Once upon a time, almost all cars were constructed with a steel frame to which one attached a suspension, drive train, steering gear, and a body.
Since everything else in all models in a range was essentially the same, weight depended on the body. A lighter body could mean better acceleration both in a straight line and centripetally (changing direction).
Thus it became axiomatic that a touring car (without the weight of a solid roof) was faster than a town car, a coupe (dispensing with the weight of two doors) could outrun a sedan, a convertible had the advantage over a coupe, and roadsters (with no top at all) had them all beat. Thus was born the perception that topless motoring was sportier than other alternatives.
But nearly all cars now are of “unibody” construction, meaning the body is the frame. This is a terrifically efficient type of construction, allowing great strength for safety, and stiffness to provide a stable structure on which the suspension can work.
Of course, the roof of these cars is part of that structure, and the distance between the floor and the roof increases the section modulus (like the two flanges of an I-beam) enhancing its efficiency still further.
You can see where this is going, right? Make a convertible out of a unibody coupe and you cut the top flange off your I-beam.
If you’re not to end up with a limp chassis that wobbles and flutters at the slightest ripple in the road, you need to add structure. Since your section modulus is reduced to that provided by the depth of the rocker panels and floor tunnel, you need a lot more of it, adding weight. If instead of a cloth top, you add a retractable roof and its mechanism, your weight penalty is redoubled.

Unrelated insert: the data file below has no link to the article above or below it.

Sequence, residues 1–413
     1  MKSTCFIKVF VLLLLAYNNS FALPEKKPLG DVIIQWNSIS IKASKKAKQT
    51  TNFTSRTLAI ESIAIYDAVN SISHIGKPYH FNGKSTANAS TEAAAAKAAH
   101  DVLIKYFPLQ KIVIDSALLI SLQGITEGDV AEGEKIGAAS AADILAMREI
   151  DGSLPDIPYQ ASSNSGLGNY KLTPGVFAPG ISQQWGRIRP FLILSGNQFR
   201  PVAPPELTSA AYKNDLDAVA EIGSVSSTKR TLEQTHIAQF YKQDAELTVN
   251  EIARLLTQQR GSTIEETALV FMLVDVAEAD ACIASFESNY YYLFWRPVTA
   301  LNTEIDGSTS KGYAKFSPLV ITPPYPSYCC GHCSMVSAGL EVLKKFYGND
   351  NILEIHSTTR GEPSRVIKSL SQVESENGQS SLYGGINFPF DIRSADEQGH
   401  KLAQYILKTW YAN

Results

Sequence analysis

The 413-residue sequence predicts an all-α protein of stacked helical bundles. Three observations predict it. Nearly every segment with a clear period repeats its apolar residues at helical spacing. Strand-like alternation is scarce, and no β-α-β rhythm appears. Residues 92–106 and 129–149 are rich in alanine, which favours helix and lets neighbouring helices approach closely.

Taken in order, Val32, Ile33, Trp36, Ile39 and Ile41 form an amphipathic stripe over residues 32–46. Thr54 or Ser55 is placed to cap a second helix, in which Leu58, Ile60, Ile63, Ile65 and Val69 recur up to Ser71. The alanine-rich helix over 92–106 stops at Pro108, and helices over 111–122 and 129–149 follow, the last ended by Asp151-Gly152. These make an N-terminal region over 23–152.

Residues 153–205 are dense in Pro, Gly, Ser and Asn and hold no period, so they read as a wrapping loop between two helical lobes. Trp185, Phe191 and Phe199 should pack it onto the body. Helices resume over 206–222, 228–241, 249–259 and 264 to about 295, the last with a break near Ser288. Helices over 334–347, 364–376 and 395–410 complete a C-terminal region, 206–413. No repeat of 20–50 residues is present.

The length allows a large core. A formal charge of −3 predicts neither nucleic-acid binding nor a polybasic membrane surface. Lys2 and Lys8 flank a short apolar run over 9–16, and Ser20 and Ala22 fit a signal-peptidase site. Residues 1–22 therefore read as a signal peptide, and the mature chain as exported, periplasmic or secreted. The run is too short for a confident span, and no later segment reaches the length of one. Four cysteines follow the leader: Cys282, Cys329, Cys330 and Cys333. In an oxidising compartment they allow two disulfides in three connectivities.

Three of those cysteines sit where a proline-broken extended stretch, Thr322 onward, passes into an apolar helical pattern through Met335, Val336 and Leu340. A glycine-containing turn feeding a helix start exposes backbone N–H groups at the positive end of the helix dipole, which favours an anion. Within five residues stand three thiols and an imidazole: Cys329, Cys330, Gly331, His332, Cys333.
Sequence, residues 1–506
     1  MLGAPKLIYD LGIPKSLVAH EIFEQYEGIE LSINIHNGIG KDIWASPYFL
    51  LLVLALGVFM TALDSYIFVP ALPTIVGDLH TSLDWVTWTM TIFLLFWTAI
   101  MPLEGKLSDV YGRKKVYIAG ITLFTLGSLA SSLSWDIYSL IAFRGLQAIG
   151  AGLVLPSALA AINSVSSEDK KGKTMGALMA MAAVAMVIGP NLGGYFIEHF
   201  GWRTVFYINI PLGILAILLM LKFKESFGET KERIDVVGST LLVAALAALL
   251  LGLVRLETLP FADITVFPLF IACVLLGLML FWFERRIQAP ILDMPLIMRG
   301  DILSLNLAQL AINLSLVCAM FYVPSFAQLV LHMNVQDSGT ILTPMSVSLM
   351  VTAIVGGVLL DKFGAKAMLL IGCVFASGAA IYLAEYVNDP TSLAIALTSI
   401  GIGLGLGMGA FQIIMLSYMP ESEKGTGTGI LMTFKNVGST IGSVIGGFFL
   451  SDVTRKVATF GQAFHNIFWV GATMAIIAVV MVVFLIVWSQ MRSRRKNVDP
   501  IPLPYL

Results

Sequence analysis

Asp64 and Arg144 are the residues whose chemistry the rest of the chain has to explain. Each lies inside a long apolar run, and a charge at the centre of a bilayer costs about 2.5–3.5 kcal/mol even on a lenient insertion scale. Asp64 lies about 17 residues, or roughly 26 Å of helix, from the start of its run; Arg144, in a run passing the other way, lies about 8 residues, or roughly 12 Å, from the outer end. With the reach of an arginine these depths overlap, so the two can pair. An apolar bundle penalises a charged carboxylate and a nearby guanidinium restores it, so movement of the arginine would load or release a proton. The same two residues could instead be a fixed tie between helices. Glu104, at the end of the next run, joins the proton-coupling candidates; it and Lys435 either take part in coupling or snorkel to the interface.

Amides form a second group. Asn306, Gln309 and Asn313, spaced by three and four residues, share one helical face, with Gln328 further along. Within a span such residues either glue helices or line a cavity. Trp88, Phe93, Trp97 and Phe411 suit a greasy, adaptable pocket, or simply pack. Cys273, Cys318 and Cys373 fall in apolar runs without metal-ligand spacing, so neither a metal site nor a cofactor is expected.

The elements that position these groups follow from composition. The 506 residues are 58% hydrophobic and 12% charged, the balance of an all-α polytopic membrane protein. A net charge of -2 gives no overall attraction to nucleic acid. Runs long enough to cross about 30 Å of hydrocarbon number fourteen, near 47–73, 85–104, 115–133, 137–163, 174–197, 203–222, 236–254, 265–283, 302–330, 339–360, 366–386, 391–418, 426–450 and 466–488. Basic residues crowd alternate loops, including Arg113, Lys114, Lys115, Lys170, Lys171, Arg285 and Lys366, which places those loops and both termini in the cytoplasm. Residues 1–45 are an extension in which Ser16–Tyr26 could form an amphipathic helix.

Because some of the operating mechanism for the convertible or retractable top stores in the space between the rear seats and the fender panels, rear hip and shoulder room is reduced, and in a retractable you also reduce available luggage space to near zero.
Convertibles have their charms, of course. It’s great to cruise with the sun on your face and the wind in your hair, but how often will you really do that?
I once checked out all the convertibles I saw on a mild sunny Southern California day, and more than half of them had their tops up. If you are not going to put your top down on a day like that, when are you? I got up the nerve to ask the question while stopped at a light, and all I got was embarrassed laughter.
So if you are ever in the position of having the choice between a car with a real roof and one without, go for it. When you do though, at least know what you are getting into, and what you are not.